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Ian Harper

How To Clean Sofas – Identifying Fibres Cotton

2 min read

Identifying Fibres Cotton


Cotton fibre is relatively strong due to the intrinsic structure of layers of criss crossed, minute, spiralled fibrules that compose the fibre cell. Strength is also determined by the character of the yarns which should be of long staple and tightly twisted.


Cotton fibre has very little natural elasticity. This characteristic can be altered to varying extents by hard twisting of the fibre into creped yarns and by using such fabric construction techniques as knitting.


Cotton fibre composed primarily of cellulose which is very absorbent. Its hollow centre of lumen aids in conveying moisture. Such factors as the amount of twist in the yarn would also affect absorbency. Fabric structure, such as the pile weave, will affect absorbency. Also the compactness of the weave influences the absorbency because the looser the structure the more absorbent the fabric will be.

Cleanliness And Washability

Although cotton attracts dirt particles of its roughness, this disadvantage is offset by the washability of the fabric. Cotton fabrics are not injured even in strong hot solutions of alkalis. they also withstand rough handling.

Reaction To Bleaches

Cotton may be safely bleached with ordinary household bleaches diluted to the manufacturers recommendations.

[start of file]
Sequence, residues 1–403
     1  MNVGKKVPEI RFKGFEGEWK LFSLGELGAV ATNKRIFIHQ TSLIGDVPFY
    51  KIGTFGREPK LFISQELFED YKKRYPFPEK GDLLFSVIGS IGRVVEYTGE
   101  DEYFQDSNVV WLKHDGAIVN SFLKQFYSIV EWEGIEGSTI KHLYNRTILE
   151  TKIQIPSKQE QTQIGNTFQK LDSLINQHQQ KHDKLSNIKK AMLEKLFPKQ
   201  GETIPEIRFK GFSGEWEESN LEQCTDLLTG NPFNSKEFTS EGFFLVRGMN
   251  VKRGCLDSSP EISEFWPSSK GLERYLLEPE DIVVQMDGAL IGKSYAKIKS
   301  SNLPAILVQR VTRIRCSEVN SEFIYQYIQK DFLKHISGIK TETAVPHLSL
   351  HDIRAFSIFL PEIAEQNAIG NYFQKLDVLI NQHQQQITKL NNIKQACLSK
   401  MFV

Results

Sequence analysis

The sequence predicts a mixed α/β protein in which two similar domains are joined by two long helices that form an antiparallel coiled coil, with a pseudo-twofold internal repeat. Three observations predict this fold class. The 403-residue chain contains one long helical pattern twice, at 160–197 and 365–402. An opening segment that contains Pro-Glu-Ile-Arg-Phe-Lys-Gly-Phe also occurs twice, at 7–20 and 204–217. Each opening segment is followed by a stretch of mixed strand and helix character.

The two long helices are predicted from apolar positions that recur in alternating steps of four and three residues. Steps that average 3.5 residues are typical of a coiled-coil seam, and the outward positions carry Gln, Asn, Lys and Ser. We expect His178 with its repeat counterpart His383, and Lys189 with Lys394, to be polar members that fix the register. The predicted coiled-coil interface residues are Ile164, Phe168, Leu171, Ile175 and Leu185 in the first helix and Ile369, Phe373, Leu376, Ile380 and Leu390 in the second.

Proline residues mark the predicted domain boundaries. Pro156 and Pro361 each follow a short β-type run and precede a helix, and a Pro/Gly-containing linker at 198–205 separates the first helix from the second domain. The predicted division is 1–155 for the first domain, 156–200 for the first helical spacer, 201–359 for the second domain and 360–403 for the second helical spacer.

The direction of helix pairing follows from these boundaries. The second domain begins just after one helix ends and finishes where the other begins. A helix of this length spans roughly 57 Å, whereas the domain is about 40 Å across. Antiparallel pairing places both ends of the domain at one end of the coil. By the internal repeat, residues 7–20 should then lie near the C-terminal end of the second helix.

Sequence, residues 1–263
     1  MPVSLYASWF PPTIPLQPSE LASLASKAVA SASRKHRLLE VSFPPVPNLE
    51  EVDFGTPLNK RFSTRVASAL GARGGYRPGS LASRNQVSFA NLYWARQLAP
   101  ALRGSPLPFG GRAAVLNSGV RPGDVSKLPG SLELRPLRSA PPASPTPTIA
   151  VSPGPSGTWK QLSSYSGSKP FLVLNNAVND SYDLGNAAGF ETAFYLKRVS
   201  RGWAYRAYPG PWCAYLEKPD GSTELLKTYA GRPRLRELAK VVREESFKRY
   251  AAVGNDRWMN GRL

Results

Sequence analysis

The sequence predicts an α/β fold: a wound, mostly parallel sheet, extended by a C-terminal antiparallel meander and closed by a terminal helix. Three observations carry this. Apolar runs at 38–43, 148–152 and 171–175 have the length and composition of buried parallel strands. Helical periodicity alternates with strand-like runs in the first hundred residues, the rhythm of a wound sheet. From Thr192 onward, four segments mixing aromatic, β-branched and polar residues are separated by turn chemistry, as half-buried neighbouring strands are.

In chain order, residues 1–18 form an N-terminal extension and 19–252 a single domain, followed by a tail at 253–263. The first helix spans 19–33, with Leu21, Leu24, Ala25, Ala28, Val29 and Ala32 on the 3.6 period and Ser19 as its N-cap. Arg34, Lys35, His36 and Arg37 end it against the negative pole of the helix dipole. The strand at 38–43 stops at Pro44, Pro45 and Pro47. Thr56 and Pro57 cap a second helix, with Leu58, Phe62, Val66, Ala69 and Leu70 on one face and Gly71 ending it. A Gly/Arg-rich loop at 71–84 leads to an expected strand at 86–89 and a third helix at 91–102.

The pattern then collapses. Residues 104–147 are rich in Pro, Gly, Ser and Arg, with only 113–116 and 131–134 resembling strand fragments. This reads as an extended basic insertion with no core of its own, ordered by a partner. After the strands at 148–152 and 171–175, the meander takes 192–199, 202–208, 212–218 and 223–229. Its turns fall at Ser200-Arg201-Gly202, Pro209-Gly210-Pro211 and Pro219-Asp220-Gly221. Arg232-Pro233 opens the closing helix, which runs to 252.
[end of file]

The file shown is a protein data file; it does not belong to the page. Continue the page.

A great amount of shrinkage will occur if cotton fabric is loosely woven and stiffened with starch. Pre shrinking finishing processes minimise shrinkage in cotton fabrics.

Effect Of Light

Cotton fibres oxidise, turning yellow and losing strength from exposure to sunlight over a period of time. Cotton fabric should therefore be shaded from direct sunlight.

Reaction To Alkalis

Cotton is not harmed by alkalis. In fact a solution of sodium hydroxide is used to mercerize cotton, making it stronger, smoother and more lustrous.

Reaction To Acids

Cotton is not damaged by such volatile organic acids like acetic acid (vinegar). However, it is tendered if such non volatile organic acids as oxalic and citric (found in drinks) are allowed to remain on it and particularly if heat is also applied.

Affinity For Dyes

Cotton has a good affinity for dyes. Penetration of thoroughness of dye can be tested by ravelling a yarn and examining its unexposed surface.

Resistance To Perspiration

Acid perspiration has a slightly deteriorating effect on cotton.